The US Treasury is issuing substantial amounts of debt to fund government expenditure. In actuality, this week, it commenced auctioning securities worth $112 billion. The overall debt stands at approximately $34 trillion, albeit with slight variations depending on the calculation method. Around one-third, or 30%, of the publicly held national debt is in the possession of foreign countries and foreign investors.Thank you for reading this post, don't forget to subscribe!
Japan currently holds the largest foreign share of US debt, followed by China. This raises the question: Is China depleting its American funds? And if so, does that pose a problem?
According to Win Thin, the global head of currency strategy at bank Brown Brothers Harriman, “As of August, China’s total holdings in US Treasuries stood at about $805 billion, the lowest since June 2009.” The reasons behind China’s actions, and whether it is indeed selling its US Treasuries, are subjects of intense debate. One possible theory is that China needs to sell these Treasuries to bolster the yuan, Thin suggests.
Selling Treasuries provides a swift method of supporting the US dollar, as China can use the surplus dollars to participate in the global market and purchase its own currency. By doing so, it artificially elevates the value of its currency, comparable to arranging for someone to bid higher at an auction.
This proposes one idea. Another reason China is losing Treasury holdings pertains to trade.
China’s stake in American treasuries amounts to billions. (Courtesy of Win Thin, Brown Brothers Harriman)
“Trade barriers set by President Donald Trump and continued by President Joe Biden explain a significant portion of the decline in China’s purchases of US Treasuries,” stated Kent Smetters, a Wharton School professor.
With the inclusion of sand in international trade, China is not generating as many dollars, thus reducing its storage in the treasury, according to Smetters.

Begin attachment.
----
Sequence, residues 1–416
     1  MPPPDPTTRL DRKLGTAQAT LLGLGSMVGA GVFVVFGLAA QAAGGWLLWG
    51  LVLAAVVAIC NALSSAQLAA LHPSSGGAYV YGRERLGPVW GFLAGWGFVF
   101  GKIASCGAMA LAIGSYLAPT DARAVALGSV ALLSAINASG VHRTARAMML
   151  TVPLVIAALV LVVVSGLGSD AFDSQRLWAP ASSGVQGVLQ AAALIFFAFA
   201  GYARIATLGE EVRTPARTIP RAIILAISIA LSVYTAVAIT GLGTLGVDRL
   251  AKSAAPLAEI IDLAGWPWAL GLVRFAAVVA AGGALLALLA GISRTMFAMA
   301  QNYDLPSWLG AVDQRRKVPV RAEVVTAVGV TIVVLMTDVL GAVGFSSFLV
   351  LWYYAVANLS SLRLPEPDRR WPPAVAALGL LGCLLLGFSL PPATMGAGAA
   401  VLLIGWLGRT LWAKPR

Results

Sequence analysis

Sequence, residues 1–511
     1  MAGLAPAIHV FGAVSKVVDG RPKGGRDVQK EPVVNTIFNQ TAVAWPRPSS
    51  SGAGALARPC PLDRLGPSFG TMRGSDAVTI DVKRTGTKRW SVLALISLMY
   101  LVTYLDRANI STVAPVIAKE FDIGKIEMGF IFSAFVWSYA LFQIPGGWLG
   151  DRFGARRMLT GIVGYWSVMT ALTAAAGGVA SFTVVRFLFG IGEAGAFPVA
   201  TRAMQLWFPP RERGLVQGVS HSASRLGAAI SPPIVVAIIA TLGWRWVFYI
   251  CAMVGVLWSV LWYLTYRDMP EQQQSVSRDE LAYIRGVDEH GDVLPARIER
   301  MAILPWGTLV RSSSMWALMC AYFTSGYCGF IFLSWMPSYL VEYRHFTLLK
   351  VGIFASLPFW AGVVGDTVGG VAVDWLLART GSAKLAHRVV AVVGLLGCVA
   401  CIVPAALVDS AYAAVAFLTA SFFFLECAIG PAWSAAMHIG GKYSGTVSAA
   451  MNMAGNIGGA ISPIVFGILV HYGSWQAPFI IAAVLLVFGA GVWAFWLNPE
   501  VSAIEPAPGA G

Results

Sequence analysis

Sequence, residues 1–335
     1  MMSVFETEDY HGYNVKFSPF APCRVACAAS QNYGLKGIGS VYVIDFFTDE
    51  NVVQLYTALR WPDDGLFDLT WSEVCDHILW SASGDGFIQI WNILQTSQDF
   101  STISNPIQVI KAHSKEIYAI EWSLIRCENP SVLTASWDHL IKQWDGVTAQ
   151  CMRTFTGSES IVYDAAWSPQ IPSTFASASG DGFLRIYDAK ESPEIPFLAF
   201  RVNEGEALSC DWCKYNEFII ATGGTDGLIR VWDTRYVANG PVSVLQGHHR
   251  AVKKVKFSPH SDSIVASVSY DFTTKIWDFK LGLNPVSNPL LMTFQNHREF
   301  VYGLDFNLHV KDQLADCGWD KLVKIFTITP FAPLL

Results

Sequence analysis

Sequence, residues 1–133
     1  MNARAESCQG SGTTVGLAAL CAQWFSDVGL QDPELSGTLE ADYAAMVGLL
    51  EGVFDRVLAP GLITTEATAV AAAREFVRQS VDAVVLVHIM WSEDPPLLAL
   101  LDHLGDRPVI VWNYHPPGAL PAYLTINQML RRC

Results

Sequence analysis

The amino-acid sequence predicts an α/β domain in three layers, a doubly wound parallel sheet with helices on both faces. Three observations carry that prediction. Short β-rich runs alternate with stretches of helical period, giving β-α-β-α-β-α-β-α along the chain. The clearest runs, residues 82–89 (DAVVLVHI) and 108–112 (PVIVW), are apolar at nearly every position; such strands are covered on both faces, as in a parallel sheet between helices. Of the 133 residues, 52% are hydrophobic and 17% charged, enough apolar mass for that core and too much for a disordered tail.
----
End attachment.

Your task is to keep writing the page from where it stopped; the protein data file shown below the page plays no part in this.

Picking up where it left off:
Lastly, the third argument asserting that China is disposing of its treasuries suggests otherwise. It merely gives the impression of such actions.
“China employs offshore custodians to retain some of its US dollar-denominated assets,” explained Christopher Vecchio, head of futures and foreign exchange at TastyLive, a research group for options brokerage.
Vecchio suggested that China might merely be concealing its treasure to safeguard its business from interference.
Regardless of the explanation, the question remains: Why should we concern ourselves with the level of foreign interest in our debt?
“We care about whether foreign governments or institutions purchase US Treasuries because it impacts the cost of borrowing in our country,” emphasized Jesse Wheeler, a senior economist at Morning Consult.
Here’s how it functions: The government must find creditors to meet its extensive borrowing requirements, and it casts a wide net.
“If this group is confined solely to American households, the government must offer higher returns on the debt to remain competitive,” stated Smeters of Wharton.
Consequently, this results in higher interest rates, including for home loans. Therefore, as long as Japan and China maintain an interest in our debt, it enables them to save money on mortgages.
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